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Chile Earthquake Facilitates the Increase of Rogue Anti-Virus

Security researchers are warning of cybercriminals who are cashing in on the massive Chile earthquake, which took place on February 27, 2010. The criminals are apparently poisoning search engine results about the disaster to push scareware.

Scareware, according to experts, is fake software which claims to aid computer users in safeguarding their systems. However, in reality, it produces bogus and misleading warnings and may even try to deceive the end-user into buying software that's of no use.

According to the researchers at the security firm Symantec, it's observed that cyber crooks are corrupting online hunts related to popular search phrases like "Chile Earthquake". Consequently, the returns emanating from these phrases are taking Web-surfers onto fake anti-virus sites that carry out phony anti-virus scans.

Once this scan is over, or if the user attempts to move off the webpage, they would see the offer of downloading anti-virus files. But Symantec has detected these downloads as rogue anti-virus software - VirusDoctor or Trojan.FakeAV.

Indeed, Symantec's discoveries appear similar to that made by Sophos and Websense security researchers.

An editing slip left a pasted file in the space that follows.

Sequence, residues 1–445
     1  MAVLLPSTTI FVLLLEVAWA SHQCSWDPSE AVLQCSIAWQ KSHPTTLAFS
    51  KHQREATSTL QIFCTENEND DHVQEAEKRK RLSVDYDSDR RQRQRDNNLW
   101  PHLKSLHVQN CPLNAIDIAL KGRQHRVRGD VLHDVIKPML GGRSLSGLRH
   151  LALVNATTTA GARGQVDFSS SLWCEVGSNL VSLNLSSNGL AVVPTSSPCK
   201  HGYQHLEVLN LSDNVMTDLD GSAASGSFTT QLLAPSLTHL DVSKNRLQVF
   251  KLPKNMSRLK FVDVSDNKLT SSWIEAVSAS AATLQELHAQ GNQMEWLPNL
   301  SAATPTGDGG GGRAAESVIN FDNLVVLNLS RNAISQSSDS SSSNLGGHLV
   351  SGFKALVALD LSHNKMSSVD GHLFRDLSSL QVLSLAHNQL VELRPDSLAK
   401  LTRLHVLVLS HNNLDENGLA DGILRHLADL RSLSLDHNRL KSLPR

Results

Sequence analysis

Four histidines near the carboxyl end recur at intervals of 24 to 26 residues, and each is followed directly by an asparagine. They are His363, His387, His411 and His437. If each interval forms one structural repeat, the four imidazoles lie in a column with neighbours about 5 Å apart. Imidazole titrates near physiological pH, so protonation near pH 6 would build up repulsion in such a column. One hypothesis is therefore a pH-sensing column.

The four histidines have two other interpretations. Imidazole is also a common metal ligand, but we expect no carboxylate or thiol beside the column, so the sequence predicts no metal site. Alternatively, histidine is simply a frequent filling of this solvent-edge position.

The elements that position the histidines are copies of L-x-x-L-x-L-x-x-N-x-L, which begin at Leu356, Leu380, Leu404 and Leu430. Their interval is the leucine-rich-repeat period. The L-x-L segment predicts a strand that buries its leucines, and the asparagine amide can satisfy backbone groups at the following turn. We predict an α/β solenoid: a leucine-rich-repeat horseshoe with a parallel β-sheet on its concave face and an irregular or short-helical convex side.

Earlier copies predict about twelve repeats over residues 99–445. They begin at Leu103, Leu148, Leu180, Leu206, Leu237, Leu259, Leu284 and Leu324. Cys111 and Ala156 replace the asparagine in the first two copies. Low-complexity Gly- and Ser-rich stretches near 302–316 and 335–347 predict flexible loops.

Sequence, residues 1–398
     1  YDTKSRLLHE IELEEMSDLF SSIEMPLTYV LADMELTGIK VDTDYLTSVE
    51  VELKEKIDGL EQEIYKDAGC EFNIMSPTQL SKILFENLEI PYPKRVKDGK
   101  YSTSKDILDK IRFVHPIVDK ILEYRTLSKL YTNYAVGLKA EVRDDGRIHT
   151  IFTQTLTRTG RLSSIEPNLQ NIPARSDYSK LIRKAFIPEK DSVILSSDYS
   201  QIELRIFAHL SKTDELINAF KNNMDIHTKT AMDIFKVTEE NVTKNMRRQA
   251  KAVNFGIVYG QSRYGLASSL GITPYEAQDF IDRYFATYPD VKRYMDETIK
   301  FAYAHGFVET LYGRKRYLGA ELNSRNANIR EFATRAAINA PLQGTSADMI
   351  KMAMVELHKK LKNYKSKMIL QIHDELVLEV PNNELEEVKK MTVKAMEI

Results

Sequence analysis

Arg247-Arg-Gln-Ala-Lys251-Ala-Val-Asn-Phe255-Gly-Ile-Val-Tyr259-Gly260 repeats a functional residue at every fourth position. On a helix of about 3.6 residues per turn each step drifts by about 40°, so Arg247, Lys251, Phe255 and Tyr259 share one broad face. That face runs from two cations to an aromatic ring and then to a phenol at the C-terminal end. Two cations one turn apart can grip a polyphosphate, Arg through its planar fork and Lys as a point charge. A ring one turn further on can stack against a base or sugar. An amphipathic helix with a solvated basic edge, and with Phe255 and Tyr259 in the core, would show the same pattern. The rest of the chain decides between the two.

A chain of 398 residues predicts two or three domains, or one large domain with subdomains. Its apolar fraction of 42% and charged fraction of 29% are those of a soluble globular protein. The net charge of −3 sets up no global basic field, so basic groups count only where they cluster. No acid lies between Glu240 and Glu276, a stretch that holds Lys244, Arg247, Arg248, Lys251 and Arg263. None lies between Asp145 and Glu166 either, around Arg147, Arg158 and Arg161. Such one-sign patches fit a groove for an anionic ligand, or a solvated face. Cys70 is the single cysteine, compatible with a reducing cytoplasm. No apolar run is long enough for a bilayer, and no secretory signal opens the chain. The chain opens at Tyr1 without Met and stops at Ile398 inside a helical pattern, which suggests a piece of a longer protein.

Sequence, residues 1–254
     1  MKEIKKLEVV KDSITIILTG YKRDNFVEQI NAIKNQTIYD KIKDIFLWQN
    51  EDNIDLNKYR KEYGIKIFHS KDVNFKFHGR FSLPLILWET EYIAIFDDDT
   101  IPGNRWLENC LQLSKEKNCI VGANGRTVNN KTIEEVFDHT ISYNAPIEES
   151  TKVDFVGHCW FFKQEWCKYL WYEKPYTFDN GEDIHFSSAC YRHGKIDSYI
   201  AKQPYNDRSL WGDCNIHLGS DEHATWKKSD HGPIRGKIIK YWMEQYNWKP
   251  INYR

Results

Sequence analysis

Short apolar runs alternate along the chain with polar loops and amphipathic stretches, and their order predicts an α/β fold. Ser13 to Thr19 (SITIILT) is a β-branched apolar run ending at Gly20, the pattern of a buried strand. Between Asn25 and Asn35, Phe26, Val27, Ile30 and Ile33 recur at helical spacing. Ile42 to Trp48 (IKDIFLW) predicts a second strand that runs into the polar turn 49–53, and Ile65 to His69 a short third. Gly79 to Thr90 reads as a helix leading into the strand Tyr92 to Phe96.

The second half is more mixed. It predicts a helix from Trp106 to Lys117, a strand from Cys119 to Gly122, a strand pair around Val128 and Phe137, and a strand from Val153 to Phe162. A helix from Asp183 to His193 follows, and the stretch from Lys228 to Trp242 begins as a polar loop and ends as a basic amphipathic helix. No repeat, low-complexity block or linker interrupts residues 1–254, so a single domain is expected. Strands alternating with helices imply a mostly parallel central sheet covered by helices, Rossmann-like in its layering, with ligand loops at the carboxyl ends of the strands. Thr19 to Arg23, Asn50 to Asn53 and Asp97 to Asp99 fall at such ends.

Revealed Websense, normally the web-links appearing within the search returns seem just as common links leading to routine pages. But in the current case, the criminals have made their search returns appear still more persuasive. They've duped the Google search engine into believing that it is PDF file. But in reality, it is a routine HTML page, which will divert Web-surfers to a rogue anti-virus fake scanning webpage, the security company explained. Softpedia.com reported this on March 1, 2010.

Moreover, talking about cyber-criminals' malicious operations, Senior Security Advisor for Sophos, Chester Wisniewski, stated that when looking for the latest news on search engines, one needs to know that attackers frequently post web-links at a faster speed as compared to the genuine news sites, reported findmysoft.com on March 1, 2010.

To conclude, there's nothing new in the exploitation of a natural disaster by cybercriminals. The Haiti earthquake in January 2010 similarly set off an increase in malicious operations, with malware spreading through videos pretending as earthquake footages, but in actual led to malicious websites.

Related article: Cal Poly Institute Encounters Spamming Worm

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